For, and with, farming families in Burkina Faso

Burkina Faso has been in the midst of a security crisis for several years. Shaken by violence, the populations are increasingly being displaced within the country: numbering 560,000 in December 2019, there were more than one million internally displaced persons a year later. The current security and health crises are eroding the living conditions of families and highlighting the economic recession.

Three million people suffer from food insecurity, which is almost one out of six inhabitants. Yet, 86 % of the population work in the farming and livestock sector, mostly as small family farms. The farmers are increasingly vulnerable to climate change, the controversial acquisition of large parcels of land by businesses and the deteriorating security situation in the region. For these reasons, the farming productivity is poor. Moreover, small farmers lose a large portion of their produce due to poor harvesting, transportation, and storage conditions.

These problems are widening the gap between the income of farmers and the needs of their families.  The widespread use of pesticides is not solving the current challenges. It is only making the population poorer, making farmers dependent on agro-industry and creating public health problems. In Burkina Faso, every year, nearly 84 % of farm workers come down with acute poisoningdue to pesticides.

Iles de Paix ‘s focus is on transitioning to more sustainable, stronger, cost-effective productive models for farming families and consumers. As promoters of local action, we work mainly in the provinces of Kouritenga and Gourma, in the central and eastern regions of Burkina Faso.

Our work in Burkina Faso

Thanks to the expertise of two local NGOs (ARFA and AMR):

  • We train farming families on the use of specific techniques for dry soil: making compost and organic fertilizers, poultry farming, crop storage, etc. When necessary, we supply materials and help farmers build fences, dig boreholes for irrigation and build storage facilities for their produce.
  • We work with women’s groups who produce, process and market grain, fruit, and vegetables. We give technical training, and help them access warehouses and equipment to process and package the produce. We also put these women in contact with suppliers of raw materials and with potential buyers so that they can sell their quality products and increase their income.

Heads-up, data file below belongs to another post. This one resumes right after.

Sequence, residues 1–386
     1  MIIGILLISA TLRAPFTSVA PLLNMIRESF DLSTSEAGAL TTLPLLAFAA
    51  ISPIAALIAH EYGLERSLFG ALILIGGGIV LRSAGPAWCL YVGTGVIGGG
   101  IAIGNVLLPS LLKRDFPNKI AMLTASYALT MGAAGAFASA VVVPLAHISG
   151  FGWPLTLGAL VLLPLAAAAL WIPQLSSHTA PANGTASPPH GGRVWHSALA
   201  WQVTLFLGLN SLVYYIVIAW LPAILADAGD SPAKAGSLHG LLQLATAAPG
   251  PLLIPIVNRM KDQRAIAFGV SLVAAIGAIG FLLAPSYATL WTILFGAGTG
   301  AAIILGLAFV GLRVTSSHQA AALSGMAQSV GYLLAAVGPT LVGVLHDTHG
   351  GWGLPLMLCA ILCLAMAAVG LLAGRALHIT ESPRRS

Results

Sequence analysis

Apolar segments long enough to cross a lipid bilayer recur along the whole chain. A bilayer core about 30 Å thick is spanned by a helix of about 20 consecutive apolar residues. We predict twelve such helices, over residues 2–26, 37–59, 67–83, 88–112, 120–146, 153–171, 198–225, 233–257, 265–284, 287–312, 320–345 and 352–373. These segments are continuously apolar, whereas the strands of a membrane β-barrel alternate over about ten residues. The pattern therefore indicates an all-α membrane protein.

• We give presentations at primary and secondary schools on the topics of agro-ecology and sustainable management of the environment. We assist them in creating gardens at school to practice agro-ecology and to grow organic vegetables for their school canteen. We hold discussions with citizens on issues about their consumer choices and stimulate short supply chains between consumers and vegetables procuders.
  • We work with municipal councils of towns and villages to have them take into account the needs of small farmers and to support them for the long term. Moreover, we conduct national media campaigns  and advocate to the Ministry of Agriculture to have it adopt and implement agro-ecology policies (import control and the use of pesticides, promotion of local products, etc.).

Some key numbers

In 2020 alone, we worked with 9,700 individuals, 58 % of whom were women. We planted 3,000 trees. More than 360 families now have chicken coops for their own use and for selling purposes. Thanks to improved quality and a greater variety of products being sold at the market, farmers have increased their revenues by 80 %.

As we do not want to stop there, we would like to work with 475 more families. We want to support  10 groups of gardeners on 10 different sites and 10 women’s groups. We would like to partner with 2 schools to create awareness among 900 youth and with 2 municipalities to hold discussions with 150 councillors.

 Our partners in Burkina Faso

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